- Uninitialized pointers : One of the easiest ways to create a pointer bug is to try to reference the value of a pointer even though the pointer is uninitialized and does not yet point to a valid address. For example:
*p = 12;
The pointer p is uninitialized and points to a random location in memory when you declare it. It could be pointing into the system stack, or the global variables, or into the program's code space, or into the operating system. When you say *p=12;, the program will simply try to write a 12 to whatever random location p points to. The program may explode immediately, or may wait half an hour and then explode, or it may subtly corrupt data in another part of your program and you may never realize it. This can make this error very hard to track down. Make sure you initialize all pointers to a valid address before dereferencing them.
- Invalid Pointer References : An invalid pointer reference occurs when a pointer's value is referenced even though the pointer doesn't point to a valid block. One way to create this error is to say p=q;, when q is uninitialized. The pointer p will then become uninitialized as well, and any reference to *p is an invalid pointer reference. The only way to avoid this bug is to draw pictures of each step of the program and make sure that all pointers point somewhere. Invalid pointer references cause a program to crash inexplicably for the same reasons given in cause 1.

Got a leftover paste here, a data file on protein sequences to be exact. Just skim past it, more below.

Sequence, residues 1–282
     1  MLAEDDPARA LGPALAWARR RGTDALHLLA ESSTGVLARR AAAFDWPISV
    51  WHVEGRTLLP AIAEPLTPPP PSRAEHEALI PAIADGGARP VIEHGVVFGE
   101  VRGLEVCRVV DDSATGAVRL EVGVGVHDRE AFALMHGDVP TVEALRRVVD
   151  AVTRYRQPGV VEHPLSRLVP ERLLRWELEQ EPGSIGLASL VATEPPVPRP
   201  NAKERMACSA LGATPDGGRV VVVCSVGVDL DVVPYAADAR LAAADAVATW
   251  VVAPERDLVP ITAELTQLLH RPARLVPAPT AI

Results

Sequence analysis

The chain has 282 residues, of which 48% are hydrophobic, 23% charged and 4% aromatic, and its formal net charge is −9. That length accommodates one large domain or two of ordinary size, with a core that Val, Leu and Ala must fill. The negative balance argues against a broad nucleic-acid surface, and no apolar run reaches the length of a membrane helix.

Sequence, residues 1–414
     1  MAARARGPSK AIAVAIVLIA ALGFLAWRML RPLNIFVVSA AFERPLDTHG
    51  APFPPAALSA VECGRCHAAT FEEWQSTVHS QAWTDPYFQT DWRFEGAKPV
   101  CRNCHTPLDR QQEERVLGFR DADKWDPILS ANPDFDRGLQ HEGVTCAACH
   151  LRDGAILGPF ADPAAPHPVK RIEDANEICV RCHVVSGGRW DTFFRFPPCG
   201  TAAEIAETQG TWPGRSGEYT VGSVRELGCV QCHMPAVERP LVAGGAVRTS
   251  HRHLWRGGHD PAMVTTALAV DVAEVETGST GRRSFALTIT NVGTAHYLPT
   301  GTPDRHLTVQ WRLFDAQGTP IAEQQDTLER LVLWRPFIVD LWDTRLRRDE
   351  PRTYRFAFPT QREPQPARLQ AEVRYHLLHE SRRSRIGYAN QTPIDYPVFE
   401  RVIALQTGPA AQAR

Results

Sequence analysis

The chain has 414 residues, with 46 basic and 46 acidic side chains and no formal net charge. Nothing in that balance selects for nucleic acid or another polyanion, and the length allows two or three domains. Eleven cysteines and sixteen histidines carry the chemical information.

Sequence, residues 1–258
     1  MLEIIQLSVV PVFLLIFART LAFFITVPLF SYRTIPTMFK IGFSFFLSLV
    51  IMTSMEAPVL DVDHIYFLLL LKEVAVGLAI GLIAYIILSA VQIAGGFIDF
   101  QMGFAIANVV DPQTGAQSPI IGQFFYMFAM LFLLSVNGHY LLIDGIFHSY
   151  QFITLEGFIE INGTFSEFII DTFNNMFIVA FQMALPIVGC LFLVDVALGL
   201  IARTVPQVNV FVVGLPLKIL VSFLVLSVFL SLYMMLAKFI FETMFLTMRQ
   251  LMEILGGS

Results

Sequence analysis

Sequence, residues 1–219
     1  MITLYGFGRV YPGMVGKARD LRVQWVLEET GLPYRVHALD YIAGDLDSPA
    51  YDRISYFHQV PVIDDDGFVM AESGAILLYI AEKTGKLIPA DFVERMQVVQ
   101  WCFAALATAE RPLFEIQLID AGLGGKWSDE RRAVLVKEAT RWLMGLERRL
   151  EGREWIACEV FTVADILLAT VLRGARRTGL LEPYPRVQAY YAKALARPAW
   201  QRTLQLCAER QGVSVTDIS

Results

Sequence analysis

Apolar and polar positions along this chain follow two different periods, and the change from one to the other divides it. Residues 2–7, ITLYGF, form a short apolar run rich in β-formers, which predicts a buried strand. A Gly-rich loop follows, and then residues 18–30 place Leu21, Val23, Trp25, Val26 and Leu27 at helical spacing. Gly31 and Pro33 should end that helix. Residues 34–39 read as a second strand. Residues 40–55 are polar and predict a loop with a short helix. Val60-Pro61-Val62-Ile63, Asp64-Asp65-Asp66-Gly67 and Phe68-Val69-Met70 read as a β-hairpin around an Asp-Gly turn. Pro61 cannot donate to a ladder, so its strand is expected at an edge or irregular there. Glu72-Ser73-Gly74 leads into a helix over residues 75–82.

- Zero Pointer Reference : A zero pointer reference occurs whenever a pointer pointing to zero is used in a statement that attempts to reference a block. For example, if p is a pointer to an integer, the following code is invalid:
p = 0;
*p = 12;
There is no block pointed to by p. Therefore, trying to read or write anything from or to that block is an invalid zero pointer reference. There are good, valid reasons to point a pointer to zero. Dereferencing such a pointer, however, is invalid.